The visit should then proceed towards Palazzo Datini, Palazzo Pretorio, the Basilica of Santa Maria delle Carceri in Giuliano da Sangallo, and the Churches of San Francesco and San Domenico; in these structures and in the civic museums, e.g. the Museum of Mural Painting and the Duomo Museum, masterpieces by Agnolo Gaddi, Paolo Uccello, Filippo and Filippino Lippi, Donatello, Michelozzo and other famous 14th-Century and Renaissance artists make their homes.

A trip to the Textile Museum is a must; situated in the former building of a historic factory, it expresses the city's fabric history, with cloth swatches and documents, objects and old wool-combing machines dating from the 5th Century to the present day.  
A recent addition to the spectrum of the area's museums is the Planetary Sciences Museum, located just outside the city walls; set in a rather scenic spot, it houses numerous exemplars of meteorites and minerals. 

Equally-excellent is the Luigi Pecci Center for Contemporary Art, active on an international level and possessing an important permanent collection comprising major works from the last 30 years. The city itself is further enriched, esthetically-speaking, in the way of public sculpturework: on the Museum's exterior is Henry Moore's very notable Square Form, in Piazza San Marco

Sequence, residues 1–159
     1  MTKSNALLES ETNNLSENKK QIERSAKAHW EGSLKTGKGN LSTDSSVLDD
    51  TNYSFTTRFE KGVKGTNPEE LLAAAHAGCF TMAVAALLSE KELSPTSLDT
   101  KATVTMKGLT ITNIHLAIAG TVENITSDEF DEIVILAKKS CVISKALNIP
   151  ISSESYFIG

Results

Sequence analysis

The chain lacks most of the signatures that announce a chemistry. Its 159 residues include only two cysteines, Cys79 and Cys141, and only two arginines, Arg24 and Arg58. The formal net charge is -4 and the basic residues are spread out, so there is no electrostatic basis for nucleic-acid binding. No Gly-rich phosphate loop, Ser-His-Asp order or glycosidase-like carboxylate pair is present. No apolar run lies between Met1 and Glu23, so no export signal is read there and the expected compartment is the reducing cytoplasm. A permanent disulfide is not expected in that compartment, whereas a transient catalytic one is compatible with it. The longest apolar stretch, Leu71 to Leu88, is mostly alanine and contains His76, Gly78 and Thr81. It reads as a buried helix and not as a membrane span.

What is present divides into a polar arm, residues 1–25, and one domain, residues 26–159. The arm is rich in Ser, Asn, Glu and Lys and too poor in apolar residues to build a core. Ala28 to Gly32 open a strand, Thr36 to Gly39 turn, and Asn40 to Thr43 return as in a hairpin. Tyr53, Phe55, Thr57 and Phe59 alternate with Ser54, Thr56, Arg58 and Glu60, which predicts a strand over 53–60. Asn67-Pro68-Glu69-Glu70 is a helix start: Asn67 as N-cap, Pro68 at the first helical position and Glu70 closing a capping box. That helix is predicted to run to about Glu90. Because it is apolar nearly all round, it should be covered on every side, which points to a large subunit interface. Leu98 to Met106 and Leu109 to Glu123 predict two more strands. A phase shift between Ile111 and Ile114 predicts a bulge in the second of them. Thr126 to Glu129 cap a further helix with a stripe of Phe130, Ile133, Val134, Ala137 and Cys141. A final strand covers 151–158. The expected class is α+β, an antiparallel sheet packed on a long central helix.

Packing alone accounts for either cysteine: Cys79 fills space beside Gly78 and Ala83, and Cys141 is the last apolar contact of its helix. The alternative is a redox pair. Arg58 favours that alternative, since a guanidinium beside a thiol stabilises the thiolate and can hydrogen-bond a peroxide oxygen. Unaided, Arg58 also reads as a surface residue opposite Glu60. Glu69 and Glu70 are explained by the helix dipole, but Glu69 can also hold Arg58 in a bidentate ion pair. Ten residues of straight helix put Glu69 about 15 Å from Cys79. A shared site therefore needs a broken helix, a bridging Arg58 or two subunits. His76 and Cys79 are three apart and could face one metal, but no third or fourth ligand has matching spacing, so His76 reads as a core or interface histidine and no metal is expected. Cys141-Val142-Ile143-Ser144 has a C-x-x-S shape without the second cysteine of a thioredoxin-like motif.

Particularly interesting is the Museum and Center for Documentation of the Resistance of Figline, commemorating the suffering and extermination in the Nazi concentration camps. 

The rest of the Provincial territory abounds with treasures: necropolises and Etruscan finds (in Comeana and Artimino), as well as the recent excavations in Gonfienti (east of Prato). 
The lovely Romanesque churches dispersed in the zone of Carmignano include the Church of San Michele and Francesco in Carmignano with the gorgeous Visitation in Pontormo, the Abbeys of Val di Bisenzio, the Medieval hamlets, splendid Medicean Villas in Poggio a Caiano (where recently a Museum of Still-Lifes was inaugurated) and Artimino, the Quinto Martini Park Museum in Seano and the entire system of protected areas (above all, Monteferrato, Calvana and teh Acquerino-Cantagallo Natural Reserve). 
Worthy of mention is the Luicciana Open-Air Museum in Cantagallo, made up of contemporary art installations.